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Confession under Section 50 of PMLA not substantive evidence: Delhi HC

New Delhi, Mar 11 (PTI) The confessional statement of a co-accused under Section 50 of the Prevention of Money Laundering Act (PMLA) is not a substantive piece of evidence and can be used only for the purpose of corroboration, the Delhi High Court has held.

New Delhi, Mar 11 (PTI) The confessional statement of a co-accused under Section 50 of the Prevention of Money Laundering Act (PMLA) is not a substantive piece of evidence and can be used only for the purpose of corroboration, the Delhi High Court has held.

Justice Vikas Mahajan stated that Section 50 of PMLA may be judicial proceedings for a limited purpose but a confession made by an accused in his statement under the provision is not a judicial confession.

The court's ruling came while granting bail to businessman Sanjay Jain in a money laundering case connected with the alleged IIFCO fertiliser scam where Rs 685 crore has been claimed to have been paid as kickbacks.

'It is trite that the court cannot start with the confession of the co-accused to arrive at a finding of guilt but rather after considering all other evidence placed on record and arriving at the guilt of the accused, can the court look at the statement of the co-accused to receive assurance to the conclusion of guilt,' said the court in a recent order.

'Thus, the confessional statement of a co-accused under Section 50 of the PMLA is not a substantive piece of evidence and can be used only for the purpose of corroboration in support of other evidence to lend assurance to the court in arriving at a conclusion of guilt,' the court said.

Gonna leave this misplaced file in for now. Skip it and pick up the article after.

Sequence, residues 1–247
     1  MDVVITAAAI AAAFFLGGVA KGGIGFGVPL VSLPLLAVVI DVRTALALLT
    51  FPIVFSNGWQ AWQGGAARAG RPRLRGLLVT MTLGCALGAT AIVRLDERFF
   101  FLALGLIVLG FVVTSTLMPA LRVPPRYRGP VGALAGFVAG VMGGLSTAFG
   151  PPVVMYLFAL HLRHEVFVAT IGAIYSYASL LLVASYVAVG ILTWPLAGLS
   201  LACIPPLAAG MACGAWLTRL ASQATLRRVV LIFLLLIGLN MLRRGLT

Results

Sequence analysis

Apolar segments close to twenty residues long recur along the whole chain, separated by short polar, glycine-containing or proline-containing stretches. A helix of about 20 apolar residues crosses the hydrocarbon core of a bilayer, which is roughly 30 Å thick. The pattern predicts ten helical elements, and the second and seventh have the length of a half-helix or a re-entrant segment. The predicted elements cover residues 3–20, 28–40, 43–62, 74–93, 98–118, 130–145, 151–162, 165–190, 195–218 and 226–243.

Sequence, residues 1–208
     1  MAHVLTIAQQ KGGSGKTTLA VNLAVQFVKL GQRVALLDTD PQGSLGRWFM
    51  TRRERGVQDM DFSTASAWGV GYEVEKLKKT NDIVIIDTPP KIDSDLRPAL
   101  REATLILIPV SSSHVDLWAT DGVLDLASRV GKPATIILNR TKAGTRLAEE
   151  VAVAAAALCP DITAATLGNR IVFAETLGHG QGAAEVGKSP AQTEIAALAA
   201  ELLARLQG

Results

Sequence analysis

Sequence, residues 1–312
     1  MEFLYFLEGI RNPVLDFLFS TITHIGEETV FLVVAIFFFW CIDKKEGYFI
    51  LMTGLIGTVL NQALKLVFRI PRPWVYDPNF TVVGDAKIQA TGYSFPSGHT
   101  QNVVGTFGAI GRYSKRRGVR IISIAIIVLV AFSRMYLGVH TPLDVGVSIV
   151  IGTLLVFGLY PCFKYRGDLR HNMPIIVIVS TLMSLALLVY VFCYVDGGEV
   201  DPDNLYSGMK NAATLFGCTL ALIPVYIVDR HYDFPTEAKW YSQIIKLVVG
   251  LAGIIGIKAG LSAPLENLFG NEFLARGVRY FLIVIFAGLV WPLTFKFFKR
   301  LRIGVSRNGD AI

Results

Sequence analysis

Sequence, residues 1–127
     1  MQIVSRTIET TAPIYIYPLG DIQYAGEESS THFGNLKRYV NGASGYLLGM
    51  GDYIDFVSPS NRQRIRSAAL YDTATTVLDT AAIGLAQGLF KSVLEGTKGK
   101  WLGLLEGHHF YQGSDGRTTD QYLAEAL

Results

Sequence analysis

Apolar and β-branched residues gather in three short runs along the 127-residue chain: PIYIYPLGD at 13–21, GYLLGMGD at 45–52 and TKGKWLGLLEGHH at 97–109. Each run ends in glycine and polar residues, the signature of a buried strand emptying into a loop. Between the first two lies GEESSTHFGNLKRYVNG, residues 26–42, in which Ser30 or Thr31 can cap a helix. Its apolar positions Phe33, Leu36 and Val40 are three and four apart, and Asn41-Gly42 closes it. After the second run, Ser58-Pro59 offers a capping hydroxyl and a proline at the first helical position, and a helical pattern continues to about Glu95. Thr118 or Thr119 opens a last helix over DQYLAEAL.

Section 50 of PMLA deals with the powers of the Enforcement Directorate (ED) to issue summons, seek production of documents or examine a person in connection with a probe.

The ED opposed the regular bail plea on various grounds, including that there were section 50 statements by certain witnesses to support the flow of money trail amongst the accused persons.

In the order, the court noted that the question of weightage to be given to the statements under Section 50 of PMLA has to be tested at the end of the trial and not at the stage of bail and section 30 of the Evidence Act provides that a confession against the co-accused should be treated as a piece of corroborative evidence.

Based upon the material produced before it at this stage, the court observed that 'prima facie the predicate offence appears to be weak in nature and the petitioner is entitled to the benefit of the same'.

The CBI has alleged in the predicate case that between 2007 and 2014, in order to claim higher subsidies, IFFCO CEO U S Awasthi and Indian Potash head P S Gahlaut, as part of a “criminal conspiracy”, imported fertilisers at highly inflated rates.

The high court said that besides the petitioner, no other accused under the PMLA was in custody and 'there are reasonable grounds for believing that the petitioner is not guilty of the offence and that he is not likely to commit any offence while on bail'. PTI ADS ADS KVK KVK

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